general info
address: Museumpark, Westzeedijk 341, Rotterdam
architect: O.M.A. Rem Koolhaas with Fuminori Hoshino, Toni Adam and many more
realised: 1992
design of the logo & signage: Tel Design, Ronald van Lit, 1992
renovation: 2014

letter details
category: sans serif
specifics: L and A are mirrored horizontally
narrow or wide: more wide
all strokes the same: yes
capitals or romans: capitals
cursive or upright: upright
font family: DIN

Wim van Krimpen, director of the Kunsthal, took the initiative. In his foreword for “Logo’s for the Kunsthal Rotterdam”, a bilingual catalogue published on the occasion of the opening of the Kunsthal on 31 October 1992, he writes: “…I confined to the designer Guus Ros that I wanted the Kunsthal to pay attention to the graphic arts as well as other fields.” A logo competition was organized and Guus Ros made sure that for one year, every week, a new logo for the Kunsthal was published in NRC. All 52 logo’s were on display at the opening of the Kunsthal.

The logo appears on all entrances and on the ventilation and cooling tower.

On January 20, 1992, “all creatives” at Tel Design were invited to hand in a design for a logo and it was Ronald van Lit who won the Tel Design studio competition. Jaco Emmen, at that time designer now director of Tel Design, told me that the idea behind Van Lit’s logo is simple: The Kunsthal is a museum without collection and for each exhibition the art objects need to be transported to and from the Kunsthal. This is why Ronald van Lit chose icons used on cardboard transportation boxes, like: “this side up”, “fragile” etc. The combination of the symbol for elevator and “this side up” made the logo.
To reinforce the temporary, informal idea of a simple template, just a stamp, the logo is in black and white only. The A and L were set upside-down, a joke with the arrows of “this side up”.

Logo, word mark and the DIN letter type remain unchanged since 1992.

Kunsthal Logo Publication
Kunsthal Logo

In an interesting analysis of the Kunsthal (NRC, 31 october 1992), journalist Bernard Hulsmann uses the metaphor of the “Magic Box”: One by one, the Kunsthal reveals its different spaces, materials, atmospheres. He wrote this article for NRC the day before the opening.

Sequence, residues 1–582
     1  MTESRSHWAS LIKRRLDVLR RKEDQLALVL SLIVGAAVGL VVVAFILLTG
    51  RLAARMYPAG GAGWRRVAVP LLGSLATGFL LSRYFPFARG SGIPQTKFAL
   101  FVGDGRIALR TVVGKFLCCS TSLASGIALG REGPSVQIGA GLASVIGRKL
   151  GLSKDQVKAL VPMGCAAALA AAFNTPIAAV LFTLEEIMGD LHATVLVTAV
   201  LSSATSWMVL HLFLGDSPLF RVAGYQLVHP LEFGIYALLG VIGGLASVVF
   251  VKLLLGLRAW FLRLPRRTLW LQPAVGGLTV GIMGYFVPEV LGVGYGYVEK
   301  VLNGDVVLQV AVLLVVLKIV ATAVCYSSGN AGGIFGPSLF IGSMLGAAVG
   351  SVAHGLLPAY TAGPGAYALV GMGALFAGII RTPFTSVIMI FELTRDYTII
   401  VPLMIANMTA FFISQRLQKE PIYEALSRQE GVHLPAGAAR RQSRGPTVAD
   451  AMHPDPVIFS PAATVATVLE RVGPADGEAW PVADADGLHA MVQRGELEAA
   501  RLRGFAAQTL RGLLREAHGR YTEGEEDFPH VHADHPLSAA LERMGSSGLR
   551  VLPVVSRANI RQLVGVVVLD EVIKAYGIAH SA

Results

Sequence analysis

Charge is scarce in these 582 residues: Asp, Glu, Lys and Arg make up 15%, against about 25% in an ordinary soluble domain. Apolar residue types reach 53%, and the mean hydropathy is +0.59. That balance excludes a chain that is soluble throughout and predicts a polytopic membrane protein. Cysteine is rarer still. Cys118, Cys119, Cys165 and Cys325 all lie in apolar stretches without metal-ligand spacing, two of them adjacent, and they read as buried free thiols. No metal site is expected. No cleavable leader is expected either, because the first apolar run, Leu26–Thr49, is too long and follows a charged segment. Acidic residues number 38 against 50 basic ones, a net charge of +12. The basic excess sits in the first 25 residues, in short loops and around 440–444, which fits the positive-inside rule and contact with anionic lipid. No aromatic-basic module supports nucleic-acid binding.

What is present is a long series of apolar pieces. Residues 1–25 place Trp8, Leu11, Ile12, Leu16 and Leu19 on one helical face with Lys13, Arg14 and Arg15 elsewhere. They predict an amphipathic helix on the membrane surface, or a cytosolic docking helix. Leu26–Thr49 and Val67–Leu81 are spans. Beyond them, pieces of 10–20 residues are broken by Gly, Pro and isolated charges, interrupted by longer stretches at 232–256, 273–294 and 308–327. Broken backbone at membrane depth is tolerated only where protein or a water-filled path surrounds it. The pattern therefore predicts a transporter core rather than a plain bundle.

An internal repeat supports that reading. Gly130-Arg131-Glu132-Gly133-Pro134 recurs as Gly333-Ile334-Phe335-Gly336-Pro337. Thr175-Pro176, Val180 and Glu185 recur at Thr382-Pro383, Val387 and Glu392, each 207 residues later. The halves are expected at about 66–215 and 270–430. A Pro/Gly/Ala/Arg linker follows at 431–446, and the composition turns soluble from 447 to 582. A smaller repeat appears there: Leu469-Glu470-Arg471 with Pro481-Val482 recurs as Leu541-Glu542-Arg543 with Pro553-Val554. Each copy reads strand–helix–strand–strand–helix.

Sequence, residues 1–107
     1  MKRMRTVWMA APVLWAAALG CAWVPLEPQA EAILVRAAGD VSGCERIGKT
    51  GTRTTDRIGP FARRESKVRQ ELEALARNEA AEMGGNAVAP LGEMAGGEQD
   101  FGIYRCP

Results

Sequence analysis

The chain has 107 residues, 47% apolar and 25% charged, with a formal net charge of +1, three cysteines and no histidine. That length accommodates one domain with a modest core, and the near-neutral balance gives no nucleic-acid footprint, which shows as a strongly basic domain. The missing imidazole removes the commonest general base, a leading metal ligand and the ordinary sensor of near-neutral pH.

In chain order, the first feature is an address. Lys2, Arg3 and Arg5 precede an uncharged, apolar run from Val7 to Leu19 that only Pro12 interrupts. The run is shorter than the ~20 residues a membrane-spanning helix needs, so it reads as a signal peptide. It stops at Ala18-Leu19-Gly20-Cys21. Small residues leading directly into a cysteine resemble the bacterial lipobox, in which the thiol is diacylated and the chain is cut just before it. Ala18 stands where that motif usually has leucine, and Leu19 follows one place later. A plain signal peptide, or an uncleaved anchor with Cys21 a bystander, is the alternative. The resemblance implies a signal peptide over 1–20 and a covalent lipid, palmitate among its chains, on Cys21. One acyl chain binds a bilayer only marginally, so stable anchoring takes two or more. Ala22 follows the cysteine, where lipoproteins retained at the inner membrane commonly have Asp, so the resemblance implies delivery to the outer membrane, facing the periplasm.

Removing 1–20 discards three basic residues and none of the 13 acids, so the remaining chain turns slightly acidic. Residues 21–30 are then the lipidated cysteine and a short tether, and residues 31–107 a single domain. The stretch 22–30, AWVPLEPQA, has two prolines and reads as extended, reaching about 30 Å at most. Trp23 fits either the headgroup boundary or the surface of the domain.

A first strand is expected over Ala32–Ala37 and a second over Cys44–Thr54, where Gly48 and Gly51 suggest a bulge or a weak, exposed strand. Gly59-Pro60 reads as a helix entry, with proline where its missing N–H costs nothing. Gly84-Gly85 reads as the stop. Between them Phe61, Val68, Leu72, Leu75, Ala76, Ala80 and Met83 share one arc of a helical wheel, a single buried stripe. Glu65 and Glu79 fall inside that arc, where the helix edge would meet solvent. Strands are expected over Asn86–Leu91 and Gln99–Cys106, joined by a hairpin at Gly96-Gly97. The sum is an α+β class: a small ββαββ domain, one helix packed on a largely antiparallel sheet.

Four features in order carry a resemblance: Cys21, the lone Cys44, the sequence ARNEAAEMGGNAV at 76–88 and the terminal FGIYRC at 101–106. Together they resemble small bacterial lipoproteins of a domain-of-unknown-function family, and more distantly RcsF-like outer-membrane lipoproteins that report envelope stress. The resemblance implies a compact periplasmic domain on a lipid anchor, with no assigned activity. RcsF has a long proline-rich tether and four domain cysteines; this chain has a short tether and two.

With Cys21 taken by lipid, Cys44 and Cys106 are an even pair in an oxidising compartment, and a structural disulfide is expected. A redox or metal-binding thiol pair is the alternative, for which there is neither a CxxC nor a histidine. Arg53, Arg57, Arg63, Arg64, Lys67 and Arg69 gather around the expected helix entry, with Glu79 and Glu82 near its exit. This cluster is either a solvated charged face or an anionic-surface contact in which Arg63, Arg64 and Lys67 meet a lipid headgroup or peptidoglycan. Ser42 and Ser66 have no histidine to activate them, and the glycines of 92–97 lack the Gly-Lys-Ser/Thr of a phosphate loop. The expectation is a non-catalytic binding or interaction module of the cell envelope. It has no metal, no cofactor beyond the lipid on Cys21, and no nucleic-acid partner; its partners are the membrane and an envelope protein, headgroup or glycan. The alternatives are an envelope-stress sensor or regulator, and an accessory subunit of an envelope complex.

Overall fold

The Kunsthal is a building for temporary exhibitions located on a dike, in between a road and a park. It is conceived as a sequence of different spaces, radically crossed by a public path (running north-south) giving access to the park and to the building, and a public service road (running east-west). The Kunsthal is a square of 60m x 60m and spans a difference in height of 6 meters. It refers to a typical section of the Dutch dike house.

It has three exhibition halls, an auditorium and a restaurant. Just after delivery, the building was photographed by Hans Werlemann who one afternoon asked all collaborators of OMA to act as figurants. The photos were published in SMLXL (p.432-467), the illustrious OMA monograph designed in collaboration with graphic designer Bruce Mau published in 1995. At the back cover it says: “This massive book is a novel about architecture. The book combines essays, manifestoes, diaries, fairy tales, travelogues, a cycle of meditations on the contemporary city, with work produced by Koolhaas’s Office for Metropolitan Architecture over the past twenty years.”

SMLXL Kunsthal

In SMLXL, together with the directions to guide you through the building: “Walk down, turn the corner”, “It is dark, with a forest of five columns”, an excerpt of the theatre play “En attendant Godot” by Beckett is projected on the pages showing the Kunsthal. The instructions are like scenic directions that go with the dialogue of the play. According to Rem Koolhaas in the lecture he gave at the AA in 1995, on the occasion of the publication of SMLXL in 1995, it was to test the sequence of spaces. So, which space comes first? Which space second? Do we start with the entrance or hide it and reveal it later? When shall we introduce the garden? In short, this explains the narrative of the building. The building not as an object, but as a stage where life – “the blathering” says Estragon in “En attendant” – is happening.

“We try to have almost cinematic sequences. Our buildings are not designed as objects.” From:, 23 september 2002

BIBLIOGRAPHY/ SOURCES 23 september 2020
Logo’s voor de Kunsthal Rotterdam,
Wim van Sinderen naar een idee van Wim van Krimpen, Kunsthal Rotterdam, 1992
OMA, Rem Koolhaas, Bruce Mau, 010 Publishers, Rotterdam, 1995
Understanding Samuel Beckett in 90 minutes with Paul Strethern (2005), Youtube
De Kunsthal lijkt wel een toverdoos,
Bernard Hulsman, NRC, 31 oktober 1992,
23 september 2002